County planning commissioners on Wednesday put off recommending approval of a fiveÐyear study on the Salinas Valley Water Project's effectiveness at the heart of a proposed legal settlement over the county's general plan.
The commission unanimously voted to continue its consideration of proposed general plan amendments until next month to allow county staff to provide more information on the water project at the core of a settlement between county attorneys and the Salinas Valley Water Coalition, the Monterey County Farm Bureau and others. The groups sued the county over the requirement in the general plan for proving longÐterm sustainable water supply before certain types of new development is allowed.
The proposed settlement would allow a presumption of adequate water supply for new development while the five-year study is under way.
The proposal will return to the commission on Dec. 12.
Also Wednesday, the commission recommended approval of a new traffic count method at the center of a proposed settlement with the Carmel Valley Association, which also sued over the general plan. But the commission rejected a controversial proposal included in the settlement that would have reduced the number of potential new housing units in the Carmel Valley from 266 to 190.
Both proposed settlements were presented by Deputy County Counsel Les Girard on Wednesday.
The proposed amendments would need to be approved by the Board of Supervisors.
Commissioner Martha Diehl led the charge on postponing consideration of the Salinas Valley Water Coalition deal until county water resources agency staff could provide an overview of data on the Salinas Valley Water Project so far. The water project was paid for by property owners in the Salinas Valley on the promise that it would turn back advancing seawater intrusion in Zone 2C, which includes much of the valley.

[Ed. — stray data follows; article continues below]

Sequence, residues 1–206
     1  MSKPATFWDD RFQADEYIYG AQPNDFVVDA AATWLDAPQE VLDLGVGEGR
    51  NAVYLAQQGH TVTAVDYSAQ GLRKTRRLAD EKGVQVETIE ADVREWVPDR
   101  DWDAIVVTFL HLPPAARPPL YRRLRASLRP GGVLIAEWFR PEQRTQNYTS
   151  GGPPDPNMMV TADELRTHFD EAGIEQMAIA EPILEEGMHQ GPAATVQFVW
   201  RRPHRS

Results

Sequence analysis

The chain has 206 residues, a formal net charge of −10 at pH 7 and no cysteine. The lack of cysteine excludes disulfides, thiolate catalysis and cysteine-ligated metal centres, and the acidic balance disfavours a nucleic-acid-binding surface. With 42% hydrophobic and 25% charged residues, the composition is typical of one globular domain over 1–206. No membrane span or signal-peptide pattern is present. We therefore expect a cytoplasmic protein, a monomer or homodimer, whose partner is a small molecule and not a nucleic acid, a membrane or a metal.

Diehl argued the commission needed information on how the project appeared to be working relative to seawater intrusion before deciding whether to accept the proposed settlement and decide how the study would be conducted.
"We have studies and I'd like to see them," she said.
Attorney Pam Silkwood, who represented the groups that challenged the county over the requirement to prove longÐterm water, said water resources data showed the project is working. However, Diehl said she heard that seawater intrusion was continuing, adding that even if the data showed it was slowing she would still be concerned about the impact of new development on the valley's water balance.
Commissioner Keith Vandevere said he still believed the requirement for proving longÐterm water for new development is important, and argued it didn't make sense to continue approving new projects under the presumption of an adequate water supply while studying whether that supply can be confirmed.
Vandevere pointed out that LandWatch and others had also sued the county over the general plan, including the environmental review's assumptions on water supply, and that suit had not yet been settled. An allÐparties settlement might be more effective than agreeing to changes that might make it more difficult to settle the LandWatch challenge, he said.
On the Carmel Valley Association settlement, Diehl said the current 266Ðunit cap on new units was the result of negotiations not based on traffic assumptions and shouldn't be set aside as part of a legal settlement with a single entity.
Attorneys Jackie Zischke and Silkwood argued against the new cap, or for specific accommodations for certain projects such as Rancho Cañada Village.
Girard and association attorney Ron DeHoff said the unit cap was a key part of the legal settlement — though they didn't say exactly why.
The commission supported the proposed amendment that would allow for counting traffic using a historical method and a newer method preferred by the county's public works department.
Jim Johnson can be reached at email@example.com or 753-6753.